In the news
Current TV recently ran a series on its US channel dubbed 50 Documentaries to See Before You Die. The series, presented by Oscar-nominated filmmaker Morgan Spurlock (Super Size Me, The Greatest Movie Ever Sold), presents ten documentaries each episode which have been dubbed essential viewing by a panel of “pre-eminent film critics, academics and industry insiders”.
Spurlock’s series undoubtedly covers a vast swathe of documentary history, including Academy-award winners, popular favourites and films which can genuinely claim to have changed the world (An Inconvenient Truth, Paradise Lost). But are these 50 films truly representative of the best of documentary filmmaking?
For instance, the impression one might take from the list is that very few worthwhile documentaries have come from outside of the United States. Little Dieter Needs to Fly, Burma VJ, Bus 174 and Waltz With Bashir are the only four docs on the list to have been made outside of the US and Canada. What’s more, the line-up skews heavily towards the modern. Whilst it could be argued that the golden age of documentary emerged with the advent of portable film equipment and greater funding opportunities, only one of the films predates 1988. Where is Dziga Vertov’s masterful Man With a Movie Camera (1929)? Or D.A. Pennebaker’s famous Bob Dylan portrait Don’t Look Back (1967)? Even Nanook of the North, regarded as the first feature-length documentary (1922) and a watershed moment for the genre, is notable for its absence.
And one could argue that there are other egregious omissions from the list. That there is only room for one Errol Morris feature, when the great director also made Gates of Heaven and The Thin Blue Line, is regrettable; the absence of The Times of Harvey Milk is heavily suspect. How did the Dixie Chick’s 2006 documentary Shut Up and Sing make the list, while Ondi Timoner’s Dig! failed to make the cut? The full list of 50 documentaries certainly features dozens of timeless films, but it ultimately left this particular doc-lover wanting.
Crafting their latest instalment in the Paradise Lost series of documentaries, filmmakers Bruce Sinofsky and Joe Berlinger could scarcely have believed the surprise ending that fell into their laps. After documenting their subjects, the notoriously wrongly jailed ‘West Memphis Three‘, on death row for 17 years, Berlinger and Sinofsky were able to see Damien Echols, Jessie Misskelley Jr and Jason Baldwin freed at last. After much deliberation, they were exonerated of the crime of killing three young boys in Arkansas in 1993. It was the vindication of a journey which saw the making and release of two other feature documentaries championing the cause, the recruitment of a series of influential celebrities, and more than a few near misses with the electric chair.
The Paradise Lost series is popularly seen as a major factor in the eventual release of the WM3; the documentaries raised awareness of their plight, and undoubtedly the funding for the trio’s legal defence could not have been secured without Berlinger and Sinofky’s involvement. It raises an important question for the medium - do documentaries truly have the power to change the world?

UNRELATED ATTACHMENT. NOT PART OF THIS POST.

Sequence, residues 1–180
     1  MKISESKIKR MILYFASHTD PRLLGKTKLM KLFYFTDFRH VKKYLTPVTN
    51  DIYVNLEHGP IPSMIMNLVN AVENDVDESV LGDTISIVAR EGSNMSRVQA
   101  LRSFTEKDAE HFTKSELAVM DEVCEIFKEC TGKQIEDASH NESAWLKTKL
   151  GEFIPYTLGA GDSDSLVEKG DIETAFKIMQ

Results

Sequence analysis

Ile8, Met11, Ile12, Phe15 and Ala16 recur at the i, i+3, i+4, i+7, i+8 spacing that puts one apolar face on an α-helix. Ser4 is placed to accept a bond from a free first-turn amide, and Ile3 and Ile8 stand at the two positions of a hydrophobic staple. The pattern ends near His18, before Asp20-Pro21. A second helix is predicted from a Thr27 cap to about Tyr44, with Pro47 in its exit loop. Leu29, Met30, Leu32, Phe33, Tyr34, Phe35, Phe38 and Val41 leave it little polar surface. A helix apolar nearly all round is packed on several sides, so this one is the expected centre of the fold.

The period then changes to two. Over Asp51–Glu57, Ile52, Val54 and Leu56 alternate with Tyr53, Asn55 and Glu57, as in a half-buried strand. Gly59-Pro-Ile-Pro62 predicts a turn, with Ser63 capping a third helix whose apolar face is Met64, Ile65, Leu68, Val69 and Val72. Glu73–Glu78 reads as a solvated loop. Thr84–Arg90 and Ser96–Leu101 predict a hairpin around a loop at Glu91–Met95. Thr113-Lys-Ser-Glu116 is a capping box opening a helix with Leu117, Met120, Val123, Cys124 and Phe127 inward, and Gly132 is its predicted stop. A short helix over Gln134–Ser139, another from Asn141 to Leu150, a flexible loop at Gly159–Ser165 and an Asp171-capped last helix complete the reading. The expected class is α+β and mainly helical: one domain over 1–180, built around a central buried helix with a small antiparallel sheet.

With The Thin Blue Line, for instance, the famous documentarian Errol Morris successfully presented evidence which pointed to the possibility that the murderer Randall Dale Adams was innocent of the crime for which he was imprisoned. One year after the film’s release, Adams was released; the fact that he later sought legal action against Morris to reclaim the rights to his life story is just a sad coda to a story of triumph, in which an acclaimed and courageous film helped effect real change.
Environmental docs have scored great successes too. The Cove, named 2010’s Best Documentary by the Academy Awards, raised awareness of Japanese dolphin fishing and forced Sea World to issue a statement denying that their dolphins were sourced from Japanese waters. An Inconvenient Truth, a climate change lecture helmed by former US vice president Al Gore, ignited a nationwide debate on the science and causes of global warming.
In modern times, the ultimate success of West Memphis Three’s campaign, and the undeniably enormous role played by Berlinger and Sinofsky in helping it, raises a number of interesting questions about the power of documentary to rally support for real-life causes. On one hand, the fragmentation of the media landscape means that viewing figures are dwindling for all but the most mass-market films, so films can struggle to capture the zeitgeist and motivate a unified body of viewers to action. On the other hand, the growth of social media means that publicising the right cause can be easier than ever.
En vogue at the moment is Kickstarter - beloved by artists, musicians, engineers and other dreamers. The site offers entrepreneurs a venue to pitch their grand idea, with the hope of raising donations to fulfil their stated financial goal. It’s like Dragon’s Den on a global scale.
The site has become a magnet for filmmakers in particular. Kickstarter allows them to circumvent the high costs and red tape involved in financing even a small film, by appealing directly to their eventual target audience. Most people might not be interested in a documentary about New York’s last arcade, or a horror film featuring a magical bat, but Kickstarter allows users to harness social media to promote these projects directly to the end user. The fans even get a few perks depending on the size of their donation.